Title: sun moon stars
Artist: James Hoehl
Release Date: 2014 Aug 02
License: CC BY-NC-ND
[Ed. Note: James Hoehl is the person behind Red Clouds. His BandCamp now lists his release as being under the artist name “James Hoehl”, but everything else appears to still reference Red Clouds… So, I’m leaving the name Red Clouds in this review, but listing the artist above as James Hoehl.]
The Red Clouds cover sun, moon and stars throwing the world into a pitch dark abyss. Faint glimmers of light, and noises drone around us revealing the only texture we know of the planet we once inhabited in the full illumination of the sun. This is how I find the work of Red Clouds to affect my sense of perception.
Red Clouds: sun moon stars
Red Clouds is from Radnor Township, Pennsylvania. He describes his musical interests as: time travel, alien stranded on earth, and dark soundscapes. This release consists of three long, abstract noise-based soundscapes.
Each of these pieces is designed to be a sonic inducement for visualization. That is, when you listen to ‘moon’ you should be able to see the moon. If you listen closely to the fluctuations in the sounds as the cycle and pulse, you will hear a dynamic of their inter-relationship which might suggest various features of the moon: the craters, the cliffs, the sand, etc.
This is the type of work that is likely to be used for meditation, They provide a simple background that allows your mind to focus, and shut off all the other thoughts, and interruptions of other stimulus around you. This can be heightened through the use of headphones and turning off the lights. This kind of work can also be used in a work environment to focus ones attention on tasks, using the sound as a sensory deprivation method.
I have a hard time with works like this. They are fascinating to listen to. I have put this on a few times before going to bed in the evening as a way to allow myself to relax, and try to get my brain to focus on the sounds instead of the other thoughts that tend to overwhelm me when I try to sleep. It seemed to work well, I can’t think of a one time where I was awake for the work. I’ve also listened to them while working on other projects, like writing this review, and found that I can focus on them while keeping my mind on the task at hand.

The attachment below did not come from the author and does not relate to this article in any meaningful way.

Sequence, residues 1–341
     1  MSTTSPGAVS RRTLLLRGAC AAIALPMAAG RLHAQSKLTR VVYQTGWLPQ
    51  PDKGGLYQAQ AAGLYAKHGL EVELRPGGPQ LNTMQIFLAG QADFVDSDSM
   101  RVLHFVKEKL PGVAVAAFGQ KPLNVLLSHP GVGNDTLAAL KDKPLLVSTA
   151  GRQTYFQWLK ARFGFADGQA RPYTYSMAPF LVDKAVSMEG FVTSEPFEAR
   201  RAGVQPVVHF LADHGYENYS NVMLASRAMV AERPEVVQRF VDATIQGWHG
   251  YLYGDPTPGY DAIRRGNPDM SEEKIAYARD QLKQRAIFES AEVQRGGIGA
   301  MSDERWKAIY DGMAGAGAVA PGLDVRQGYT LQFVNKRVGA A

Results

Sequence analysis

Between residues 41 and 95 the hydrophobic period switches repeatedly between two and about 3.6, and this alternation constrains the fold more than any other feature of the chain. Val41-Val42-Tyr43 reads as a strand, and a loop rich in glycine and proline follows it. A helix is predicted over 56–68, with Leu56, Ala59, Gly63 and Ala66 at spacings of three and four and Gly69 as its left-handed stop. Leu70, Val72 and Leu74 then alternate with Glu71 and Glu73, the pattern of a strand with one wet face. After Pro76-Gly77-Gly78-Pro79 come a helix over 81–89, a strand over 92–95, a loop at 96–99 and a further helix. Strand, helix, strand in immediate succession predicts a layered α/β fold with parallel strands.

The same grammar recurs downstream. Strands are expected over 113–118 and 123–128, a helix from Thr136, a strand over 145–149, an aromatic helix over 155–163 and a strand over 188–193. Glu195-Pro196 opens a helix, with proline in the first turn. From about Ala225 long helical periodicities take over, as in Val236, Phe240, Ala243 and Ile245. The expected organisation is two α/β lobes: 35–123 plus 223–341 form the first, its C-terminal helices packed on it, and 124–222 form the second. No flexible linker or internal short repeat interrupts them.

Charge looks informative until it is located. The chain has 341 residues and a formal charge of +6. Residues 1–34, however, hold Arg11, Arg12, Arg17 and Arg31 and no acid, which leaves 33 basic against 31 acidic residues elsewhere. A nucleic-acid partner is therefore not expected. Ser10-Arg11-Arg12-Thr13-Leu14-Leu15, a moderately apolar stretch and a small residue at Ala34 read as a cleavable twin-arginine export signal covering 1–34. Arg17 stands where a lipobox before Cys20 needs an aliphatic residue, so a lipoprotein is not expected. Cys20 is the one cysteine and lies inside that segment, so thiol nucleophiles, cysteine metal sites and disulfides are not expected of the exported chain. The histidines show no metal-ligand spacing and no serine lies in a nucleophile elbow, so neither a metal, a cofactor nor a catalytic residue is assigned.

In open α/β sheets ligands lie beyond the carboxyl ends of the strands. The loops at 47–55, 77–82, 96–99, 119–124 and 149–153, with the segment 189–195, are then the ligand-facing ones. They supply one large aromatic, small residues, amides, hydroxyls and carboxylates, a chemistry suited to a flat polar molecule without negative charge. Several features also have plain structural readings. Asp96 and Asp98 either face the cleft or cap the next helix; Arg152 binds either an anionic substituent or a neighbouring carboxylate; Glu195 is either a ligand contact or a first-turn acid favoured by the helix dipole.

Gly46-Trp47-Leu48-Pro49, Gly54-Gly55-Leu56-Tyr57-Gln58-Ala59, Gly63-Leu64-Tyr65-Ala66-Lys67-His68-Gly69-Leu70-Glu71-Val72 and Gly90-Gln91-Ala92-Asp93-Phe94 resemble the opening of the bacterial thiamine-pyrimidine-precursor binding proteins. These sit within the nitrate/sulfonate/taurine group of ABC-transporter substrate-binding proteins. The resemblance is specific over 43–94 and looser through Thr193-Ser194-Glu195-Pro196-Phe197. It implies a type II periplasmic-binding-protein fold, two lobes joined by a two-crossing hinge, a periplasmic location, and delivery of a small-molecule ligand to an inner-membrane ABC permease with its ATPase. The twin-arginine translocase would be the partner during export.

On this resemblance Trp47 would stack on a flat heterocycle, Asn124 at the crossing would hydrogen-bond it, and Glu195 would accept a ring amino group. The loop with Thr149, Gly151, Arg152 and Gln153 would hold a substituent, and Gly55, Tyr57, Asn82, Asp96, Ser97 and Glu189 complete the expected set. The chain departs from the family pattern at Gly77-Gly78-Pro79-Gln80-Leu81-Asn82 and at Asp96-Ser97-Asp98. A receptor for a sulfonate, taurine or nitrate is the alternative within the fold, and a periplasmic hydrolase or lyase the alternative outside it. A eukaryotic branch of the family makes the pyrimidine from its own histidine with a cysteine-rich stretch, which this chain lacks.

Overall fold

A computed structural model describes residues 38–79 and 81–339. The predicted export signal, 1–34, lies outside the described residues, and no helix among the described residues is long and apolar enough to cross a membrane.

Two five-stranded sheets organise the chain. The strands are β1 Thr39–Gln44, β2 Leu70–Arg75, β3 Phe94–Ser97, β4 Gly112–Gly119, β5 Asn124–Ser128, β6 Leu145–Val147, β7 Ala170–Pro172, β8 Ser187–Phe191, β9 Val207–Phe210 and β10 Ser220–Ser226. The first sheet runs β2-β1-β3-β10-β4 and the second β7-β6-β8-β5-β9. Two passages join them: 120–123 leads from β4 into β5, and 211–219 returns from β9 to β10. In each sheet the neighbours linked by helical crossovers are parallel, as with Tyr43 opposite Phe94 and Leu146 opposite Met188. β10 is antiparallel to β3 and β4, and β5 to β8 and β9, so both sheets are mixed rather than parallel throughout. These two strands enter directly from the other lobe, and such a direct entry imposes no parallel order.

What can I say beyond that? There is a lot of subtly in the drones and noises chosen for each track. While they may be designed to be background sounds, there is a lot of detail in the overall work. This makes it possible to listen to these pieces and discover things within them (like the way ‘stars’ makes you feel like you are moving through a star field, some of the objects get closer and then fade away, while others remain constant).
Overall, this the kind of work that I keep around for the reasons I’ve outlined above. There are certain uses that they are good for, and while I may treat them as background sounds most of the time, I am never disappointed when paying closer attention to the details.